Why Chimpanzees Can’t Learn Language and Only Humans Can
Columbia University Press
In the 1970s, the behavioral psychologist Herbert S. Terrace led a remarkable experiment to see if a chimpanzee could be taught to use language. A young ape, named “Nim Chimpsky” in a nod to the linguist whose theories Terrace challenged, was raised by a family in New York and instructed in American Sign Language. Initially, Terrace thought that Nim could create sentences but later discovered that Nim’s teachers inadvertently cued his signing. Terrace concluded that Project Nim failed—not because Nim couldn’t create sentences but because he couldn’t even learn words. Language is a uniquely human quality, and attempting to find it in animals is wishful thinking at best. The failure of Project Nim meant we were no closer to understanding where language comes from.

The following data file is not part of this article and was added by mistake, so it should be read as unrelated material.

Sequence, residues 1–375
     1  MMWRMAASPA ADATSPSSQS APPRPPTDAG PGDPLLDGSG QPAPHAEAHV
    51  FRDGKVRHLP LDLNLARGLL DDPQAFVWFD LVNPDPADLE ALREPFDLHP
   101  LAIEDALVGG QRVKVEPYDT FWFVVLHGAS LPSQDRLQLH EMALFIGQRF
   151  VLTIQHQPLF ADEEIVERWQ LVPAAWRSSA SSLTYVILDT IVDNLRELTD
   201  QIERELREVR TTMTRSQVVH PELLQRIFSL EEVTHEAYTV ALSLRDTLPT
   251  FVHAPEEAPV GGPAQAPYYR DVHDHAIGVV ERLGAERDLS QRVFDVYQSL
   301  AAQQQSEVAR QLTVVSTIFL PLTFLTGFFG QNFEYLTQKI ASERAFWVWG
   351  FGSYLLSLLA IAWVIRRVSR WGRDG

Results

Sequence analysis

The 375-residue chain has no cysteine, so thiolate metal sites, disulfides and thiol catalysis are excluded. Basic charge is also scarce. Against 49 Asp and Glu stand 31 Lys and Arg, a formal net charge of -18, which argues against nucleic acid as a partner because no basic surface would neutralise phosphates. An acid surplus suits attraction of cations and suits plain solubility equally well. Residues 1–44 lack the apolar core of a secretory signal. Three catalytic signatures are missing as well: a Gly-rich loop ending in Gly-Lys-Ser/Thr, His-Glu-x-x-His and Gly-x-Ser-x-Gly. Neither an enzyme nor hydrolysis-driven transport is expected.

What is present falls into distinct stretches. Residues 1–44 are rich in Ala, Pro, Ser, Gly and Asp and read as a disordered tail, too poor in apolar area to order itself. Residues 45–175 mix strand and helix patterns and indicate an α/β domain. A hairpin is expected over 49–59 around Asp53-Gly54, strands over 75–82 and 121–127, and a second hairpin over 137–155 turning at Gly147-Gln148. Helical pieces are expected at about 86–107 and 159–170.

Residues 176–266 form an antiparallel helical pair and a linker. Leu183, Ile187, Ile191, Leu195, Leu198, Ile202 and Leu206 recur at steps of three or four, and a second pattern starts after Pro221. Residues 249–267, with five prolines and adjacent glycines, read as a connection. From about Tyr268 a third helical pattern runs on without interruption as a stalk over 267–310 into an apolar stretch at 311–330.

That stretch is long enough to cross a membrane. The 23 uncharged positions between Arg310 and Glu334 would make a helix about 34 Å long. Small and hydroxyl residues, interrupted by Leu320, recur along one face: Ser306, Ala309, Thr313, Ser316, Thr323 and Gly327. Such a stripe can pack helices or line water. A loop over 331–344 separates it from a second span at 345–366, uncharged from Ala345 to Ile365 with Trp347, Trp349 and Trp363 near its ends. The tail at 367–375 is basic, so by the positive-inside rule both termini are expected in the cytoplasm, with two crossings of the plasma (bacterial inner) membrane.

In this book, Terrace revisits Project Nim to offer a novel view of the origins of human language. In contrast to both Noam Chomsky and his critics, Terrace contends that words, as much as grammar, are the cornerstones of language. Retracing human evolution and developmental psychology, he shows that nonverbal interaction is the foundation of infant language acquisition, leading up to a child’s first words. By placing words and conversation before grammar, we can, for the first time, account for the evolutionary basis of language. Terrace argues that this theory explains Nim’s inability to acquire words and, more broadly, the differences between human and animal communication. Why Chimpanzees Can’t Learn Language and Only Humans Can is a masterful statement of the nature of language and what it means to be human.